Health waiting lists and urgency of change. by Osvaldo Artaza Dean Faculty of Health and Social Sciences University of America

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 Health waiting lists and urgency of change.  by Osvaldo Artaza Dean Faculty of Health and Social Sciences University of America

The health waiting list is a drama for millions of people. Excessive waiting is a reflection of inequality in health, it is unfair to interpret inequality as the existence of avoidable differences, and it becomes a difficult test with serious consequences for the quality of life of the individual and their family.

In Chile, life expectancy and mortality from various diseases are strongly determined by socioeconomic status, ethnicity, gender and place of residence. That is why GES, known as Plan Age, arose, which guarantees legislation, opportunity, access, financial security and quality in the face of a set of problems that account for nearly 70% of the burden of disease. Is.

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At that point, legitimate concern arose about what might be happening with non-GES pathology. So the waiting list started being calculated. The first reports indicated a waiting list of about half a million for specialized consultations and a surgery waiting list of over 300,000 people with an average time of about a year. Once the pandemic started, thousands of surgeries and consultations were postponed. As is evident, the waiting list grew.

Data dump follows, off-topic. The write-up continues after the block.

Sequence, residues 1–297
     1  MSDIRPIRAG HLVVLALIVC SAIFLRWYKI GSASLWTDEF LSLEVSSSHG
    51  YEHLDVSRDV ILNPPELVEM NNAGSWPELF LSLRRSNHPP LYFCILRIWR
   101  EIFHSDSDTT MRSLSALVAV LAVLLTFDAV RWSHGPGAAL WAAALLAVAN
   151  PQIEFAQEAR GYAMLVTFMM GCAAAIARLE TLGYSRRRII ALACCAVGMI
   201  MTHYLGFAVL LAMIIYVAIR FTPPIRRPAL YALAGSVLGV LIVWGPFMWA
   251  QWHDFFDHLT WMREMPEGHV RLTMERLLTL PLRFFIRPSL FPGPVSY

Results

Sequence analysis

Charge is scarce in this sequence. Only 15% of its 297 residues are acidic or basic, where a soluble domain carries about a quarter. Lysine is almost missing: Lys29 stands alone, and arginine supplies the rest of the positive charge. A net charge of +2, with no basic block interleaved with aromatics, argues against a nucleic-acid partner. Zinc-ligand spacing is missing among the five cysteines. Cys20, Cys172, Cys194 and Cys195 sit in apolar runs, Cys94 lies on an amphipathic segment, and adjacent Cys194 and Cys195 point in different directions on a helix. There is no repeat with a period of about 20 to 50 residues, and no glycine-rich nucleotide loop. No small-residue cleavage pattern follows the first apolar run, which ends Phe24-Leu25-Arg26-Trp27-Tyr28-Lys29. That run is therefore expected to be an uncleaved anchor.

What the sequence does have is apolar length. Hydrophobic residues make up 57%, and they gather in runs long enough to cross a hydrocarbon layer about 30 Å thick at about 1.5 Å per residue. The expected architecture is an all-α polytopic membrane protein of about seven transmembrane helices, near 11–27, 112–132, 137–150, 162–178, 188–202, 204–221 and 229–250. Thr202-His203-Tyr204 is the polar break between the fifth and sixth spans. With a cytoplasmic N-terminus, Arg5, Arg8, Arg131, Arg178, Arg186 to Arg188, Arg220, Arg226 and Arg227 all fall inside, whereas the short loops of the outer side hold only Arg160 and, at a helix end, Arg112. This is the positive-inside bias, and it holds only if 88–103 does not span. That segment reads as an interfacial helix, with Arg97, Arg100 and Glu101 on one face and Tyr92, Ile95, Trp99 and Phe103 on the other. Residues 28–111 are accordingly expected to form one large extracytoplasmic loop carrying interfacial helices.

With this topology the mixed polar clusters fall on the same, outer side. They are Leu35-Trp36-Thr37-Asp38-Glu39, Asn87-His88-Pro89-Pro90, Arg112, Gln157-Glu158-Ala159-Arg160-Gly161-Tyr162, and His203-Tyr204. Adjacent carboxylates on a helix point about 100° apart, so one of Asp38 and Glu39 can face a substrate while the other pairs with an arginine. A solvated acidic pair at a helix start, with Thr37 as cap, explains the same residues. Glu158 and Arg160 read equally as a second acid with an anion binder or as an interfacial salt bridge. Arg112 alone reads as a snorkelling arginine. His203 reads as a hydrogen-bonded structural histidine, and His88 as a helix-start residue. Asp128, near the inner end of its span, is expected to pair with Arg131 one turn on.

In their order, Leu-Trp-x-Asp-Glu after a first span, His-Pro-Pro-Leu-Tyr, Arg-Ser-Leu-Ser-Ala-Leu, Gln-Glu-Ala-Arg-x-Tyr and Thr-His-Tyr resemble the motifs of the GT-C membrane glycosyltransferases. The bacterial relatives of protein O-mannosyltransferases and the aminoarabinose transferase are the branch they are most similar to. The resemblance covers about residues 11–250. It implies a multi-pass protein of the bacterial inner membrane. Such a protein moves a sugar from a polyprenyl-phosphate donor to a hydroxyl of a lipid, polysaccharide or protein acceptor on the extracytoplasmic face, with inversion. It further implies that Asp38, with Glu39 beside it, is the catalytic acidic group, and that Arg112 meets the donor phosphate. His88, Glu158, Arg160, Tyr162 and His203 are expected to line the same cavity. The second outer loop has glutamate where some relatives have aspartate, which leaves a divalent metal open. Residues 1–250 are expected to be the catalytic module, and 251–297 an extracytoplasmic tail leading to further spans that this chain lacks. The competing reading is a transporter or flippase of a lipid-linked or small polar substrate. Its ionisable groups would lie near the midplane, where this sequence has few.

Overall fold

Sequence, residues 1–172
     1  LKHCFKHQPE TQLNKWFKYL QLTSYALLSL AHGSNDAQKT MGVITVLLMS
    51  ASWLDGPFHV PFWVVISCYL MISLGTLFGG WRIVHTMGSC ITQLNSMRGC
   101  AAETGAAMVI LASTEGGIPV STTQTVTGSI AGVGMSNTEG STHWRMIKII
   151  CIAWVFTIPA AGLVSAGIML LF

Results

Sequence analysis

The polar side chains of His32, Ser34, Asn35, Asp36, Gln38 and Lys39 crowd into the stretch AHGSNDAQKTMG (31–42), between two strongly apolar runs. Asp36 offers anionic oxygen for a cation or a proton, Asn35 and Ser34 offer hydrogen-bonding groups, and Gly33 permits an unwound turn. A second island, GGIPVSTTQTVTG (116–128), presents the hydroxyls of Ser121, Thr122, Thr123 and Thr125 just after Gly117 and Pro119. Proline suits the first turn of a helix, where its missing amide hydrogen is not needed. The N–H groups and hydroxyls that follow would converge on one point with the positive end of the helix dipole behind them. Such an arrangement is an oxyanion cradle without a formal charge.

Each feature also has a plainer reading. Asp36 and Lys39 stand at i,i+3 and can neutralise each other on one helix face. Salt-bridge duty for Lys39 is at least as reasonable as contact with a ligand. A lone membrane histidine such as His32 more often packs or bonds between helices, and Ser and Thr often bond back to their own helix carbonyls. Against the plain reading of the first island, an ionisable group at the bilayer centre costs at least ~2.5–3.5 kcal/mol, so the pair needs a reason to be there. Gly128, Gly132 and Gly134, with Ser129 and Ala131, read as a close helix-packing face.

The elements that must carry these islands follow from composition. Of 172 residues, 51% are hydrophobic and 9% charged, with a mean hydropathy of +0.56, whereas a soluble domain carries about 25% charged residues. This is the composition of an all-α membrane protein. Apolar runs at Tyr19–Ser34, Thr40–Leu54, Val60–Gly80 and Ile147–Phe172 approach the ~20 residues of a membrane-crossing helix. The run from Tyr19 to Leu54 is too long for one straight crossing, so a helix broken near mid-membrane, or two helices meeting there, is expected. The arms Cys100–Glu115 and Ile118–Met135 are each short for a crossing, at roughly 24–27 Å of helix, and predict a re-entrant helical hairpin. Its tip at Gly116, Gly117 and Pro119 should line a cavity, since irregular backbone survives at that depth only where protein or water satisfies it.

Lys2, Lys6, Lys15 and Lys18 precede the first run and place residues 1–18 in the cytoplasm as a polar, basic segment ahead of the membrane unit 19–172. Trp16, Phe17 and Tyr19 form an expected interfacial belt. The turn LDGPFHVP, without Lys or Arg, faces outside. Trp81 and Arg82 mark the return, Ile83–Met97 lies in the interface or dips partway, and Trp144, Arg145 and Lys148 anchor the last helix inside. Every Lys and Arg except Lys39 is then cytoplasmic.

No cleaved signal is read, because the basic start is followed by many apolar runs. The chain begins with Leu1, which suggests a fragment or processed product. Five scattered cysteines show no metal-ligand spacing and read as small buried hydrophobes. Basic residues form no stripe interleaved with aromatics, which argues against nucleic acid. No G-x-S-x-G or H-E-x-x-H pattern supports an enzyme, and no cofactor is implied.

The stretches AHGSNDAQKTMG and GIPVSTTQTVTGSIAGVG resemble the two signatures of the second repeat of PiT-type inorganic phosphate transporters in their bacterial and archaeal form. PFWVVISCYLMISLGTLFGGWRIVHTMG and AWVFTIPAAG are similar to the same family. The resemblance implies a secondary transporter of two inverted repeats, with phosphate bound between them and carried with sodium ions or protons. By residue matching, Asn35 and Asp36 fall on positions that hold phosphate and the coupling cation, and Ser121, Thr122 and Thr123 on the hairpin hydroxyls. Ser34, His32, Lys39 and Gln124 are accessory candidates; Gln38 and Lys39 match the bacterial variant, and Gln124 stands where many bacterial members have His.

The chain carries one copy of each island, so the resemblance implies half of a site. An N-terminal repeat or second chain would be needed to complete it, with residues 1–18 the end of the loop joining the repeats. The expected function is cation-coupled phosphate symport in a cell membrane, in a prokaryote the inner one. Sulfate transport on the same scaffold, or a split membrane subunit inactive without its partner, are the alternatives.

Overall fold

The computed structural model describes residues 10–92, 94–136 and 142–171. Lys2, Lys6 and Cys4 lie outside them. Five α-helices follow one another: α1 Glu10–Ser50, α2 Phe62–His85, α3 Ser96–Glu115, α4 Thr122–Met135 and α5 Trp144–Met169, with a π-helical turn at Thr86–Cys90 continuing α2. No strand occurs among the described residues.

At present, thanks to the measures promoted, the time has started to decrease and is closer to the pre-pandemic situation. It is clear that the recent successes are not enough, more resources are needed, it is true, but it is not enough. Evidence of the above is that funding for hospitals has tripled in recent decades, staff has increased, but consultations and surgeries have not increased as much.

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With more resources, state policies must stick to measures that create social conditions for a healthy life; providing primary care with human and technical capabilities to prevent damage; changes in hospital management, legal amendments to the old laws governing it, to avoid partisan political meddling in the management selection system that still exists; and strengthening care networks and public-private complementarities; and a reform process that allows the implementation of a jointly financed universal health plan, where opportunities are guaranteed for all problems affecting quality of life according to their severity and impact.

Pointing out the many reasons for outrageous waiting lists, I hope that soon we can tell people that the wait isn’t dependent on the size of your wallet.

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